“There is no such thing as ‘blackstrap rum,’” says Richard Seale, master distiller of Foursquare Rum in Barbados.
And yet, bartenders increasingly are turning to it as a way to add robust flavor to cocktails. Cruzan Black Strap Rum, in particular, has been popping up on cocktail menus, in large part gaining awareness after Giuseppe González called it out in his revamp of the Jungle Bird, swapping out Jamaican rum for inky Cruzan Black Strap. In Death & Co.’s book Cocktail Codex, the St. Croix rum even gets a poetic callout on the shortlist of recommended rums for Piña Coladas, among other drinks, describing it as “dark as a moonless night and with distinct flavors of molasses and maple syrup.”
True, there’s no official “blackstrap rum” category listed by the TTB or in rum bibles like Martin Cate’s Smuggler’s Cove. Ask around, and the definitions for “blackstrap rum” are fairly anecdotal: It’s made from blackstrap molasses, bartenders will often say. But its defining characteristics are really in its profile: Most will agree that it’s dark and has a robust, often vegetal flavor. Beyond that, descriptors range from licorice and toffee to fennel, celery or unsweetened chocolate.
Still, Seale maintains that “it’s nonsense to speak of ‘blackstrap rum.’” All across the Caribbean, rums are made with some portion of blackstrap molasses, or what he calls “final molasses”—the last processing of sugar cane before it becomes completely unpalatable. “You might as well say ‘molasses rum.’”
In general, Seale explains, sugar cane is crushed into juice, which is then evaporated into golden cane syrup. That syrup can be heated in a vacuum pan to form a dense mass of sugar crystals, suspended in thick, now very dark, syrup. Passed to a centrifuge, the crystals are removed, resulting in brown sugar; the remaining liquid is molasses, aka “fancy molasses.” It can then be returned to the vacuum pan to form more crystals, which are centrifuged again. This process is performed three times, and the final molasses is referred to as blackstrap molasses.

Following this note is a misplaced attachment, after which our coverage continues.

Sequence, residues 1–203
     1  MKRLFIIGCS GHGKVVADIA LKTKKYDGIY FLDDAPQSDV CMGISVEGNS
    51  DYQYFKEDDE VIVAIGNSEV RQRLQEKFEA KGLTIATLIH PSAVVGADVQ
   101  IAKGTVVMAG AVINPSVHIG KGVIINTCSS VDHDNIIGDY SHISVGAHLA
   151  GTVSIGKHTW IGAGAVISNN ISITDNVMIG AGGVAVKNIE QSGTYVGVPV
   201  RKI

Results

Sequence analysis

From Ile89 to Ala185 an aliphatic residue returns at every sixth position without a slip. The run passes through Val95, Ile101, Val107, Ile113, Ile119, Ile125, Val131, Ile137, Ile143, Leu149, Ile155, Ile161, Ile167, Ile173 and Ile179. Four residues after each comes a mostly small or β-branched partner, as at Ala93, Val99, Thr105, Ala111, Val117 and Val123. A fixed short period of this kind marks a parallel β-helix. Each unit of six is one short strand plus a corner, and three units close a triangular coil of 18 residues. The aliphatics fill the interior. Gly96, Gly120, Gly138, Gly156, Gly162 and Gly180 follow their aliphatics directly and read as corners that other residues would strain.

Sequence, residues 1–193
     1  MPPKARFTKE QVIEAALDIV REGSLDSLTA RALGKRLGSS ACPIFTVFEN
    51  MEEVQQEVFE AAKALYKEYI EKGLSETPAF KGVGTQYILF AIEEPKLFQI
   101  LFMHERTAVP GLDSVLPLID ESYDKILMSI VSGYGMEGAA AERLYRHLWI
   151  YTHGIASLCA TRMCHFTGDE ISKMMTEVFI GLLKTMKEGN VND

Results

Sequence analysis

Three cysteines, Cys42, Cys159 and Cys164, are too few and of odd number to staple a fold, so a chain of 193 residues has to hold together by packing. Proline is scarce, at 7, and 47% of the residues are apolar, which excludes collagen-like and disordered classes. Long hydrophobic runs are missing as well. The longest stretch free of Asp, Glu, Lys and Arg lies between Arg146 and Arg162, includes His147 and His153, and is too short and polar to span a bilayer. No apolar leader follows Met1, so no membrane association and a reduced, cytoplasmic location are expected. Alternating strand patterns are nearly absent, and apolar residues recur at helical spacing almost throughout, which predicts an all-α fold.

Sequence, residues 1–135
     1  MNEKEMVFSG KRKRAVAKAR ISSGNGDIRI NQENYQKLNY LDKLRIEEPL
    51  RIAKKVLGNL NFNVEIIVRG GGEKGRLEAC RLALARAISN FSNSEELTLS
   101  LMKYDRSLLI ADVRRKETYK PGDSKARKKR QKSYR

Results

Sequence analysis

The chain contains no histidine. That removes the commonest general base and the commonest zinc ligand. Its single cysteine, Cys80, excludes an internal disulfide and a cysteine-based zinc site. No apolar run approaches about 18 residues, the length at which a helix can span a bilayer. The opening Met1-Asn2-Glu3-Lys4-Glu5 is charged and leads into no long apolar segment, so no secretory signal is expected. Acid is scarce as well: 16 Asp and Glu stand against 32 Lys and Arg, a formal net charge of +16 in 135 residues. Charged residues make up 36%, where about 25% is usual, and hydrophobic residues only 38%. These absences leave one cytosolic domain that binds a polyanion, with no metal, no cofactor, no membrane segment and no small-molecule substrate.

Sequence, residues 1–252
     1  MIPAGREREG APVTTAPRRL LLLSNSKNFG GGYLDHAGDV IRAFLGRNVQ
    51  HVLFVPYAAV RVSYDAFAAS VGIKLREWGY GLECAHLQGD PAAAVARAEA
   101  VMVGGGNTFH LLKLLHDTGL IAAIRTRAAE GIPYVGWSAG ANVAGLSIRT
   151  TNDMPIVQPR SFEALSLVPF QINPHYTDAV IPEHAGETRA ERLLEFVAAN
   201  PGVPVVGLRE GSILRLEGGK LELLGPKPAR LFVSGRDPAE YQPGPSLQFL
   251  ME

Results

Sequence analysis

If you’ve ever tasted regular molasses (what most of us simply call “molasses”) next to blackstrap, you know they’re not the same thing. Molasses—generally sold for use in confectionery rather than rum—is thick, luscious and moderately sweet, with a sugar content of about 70 percent. By comparison, blackstrap molasses, which has a sugar content of about 45 percent, is darker and sludgy, and can be bitter and salty.
So if rums like Cruzan Black Strap, Bacardí Black and Kraken Black aren’t blackstrap, what are they?
Short answer: They’re black rums. In other words, relatively young rums, which may or may not be distilled from blackstrap molasses, made dark (or “black”) via caramel coloring added after distillation, to mimic the look of a long-aged rum. Usually, flavoring or sweetener is added to suggest the flavor of molasses—sometimes even the salty-savory-earthy tones of blackstrap molasses. Black rum is “typically much darker in appearance than even 50 years in a barrel could achieve,” says Cate. He’s also quick to point out that there’s a difference between “dark rums”—usually meaning barrel-aged rums—and black rums darkened by non-barrel means.
Black rum typically has been relegated to the bottom shelf, considered to be of poor quality and challenging to drink. Most often, it’s used as a dramatic dark float atop tiki drinks, or mixed into classics like the Corn ’n’ Oil or the Dark ’n’ Stormy.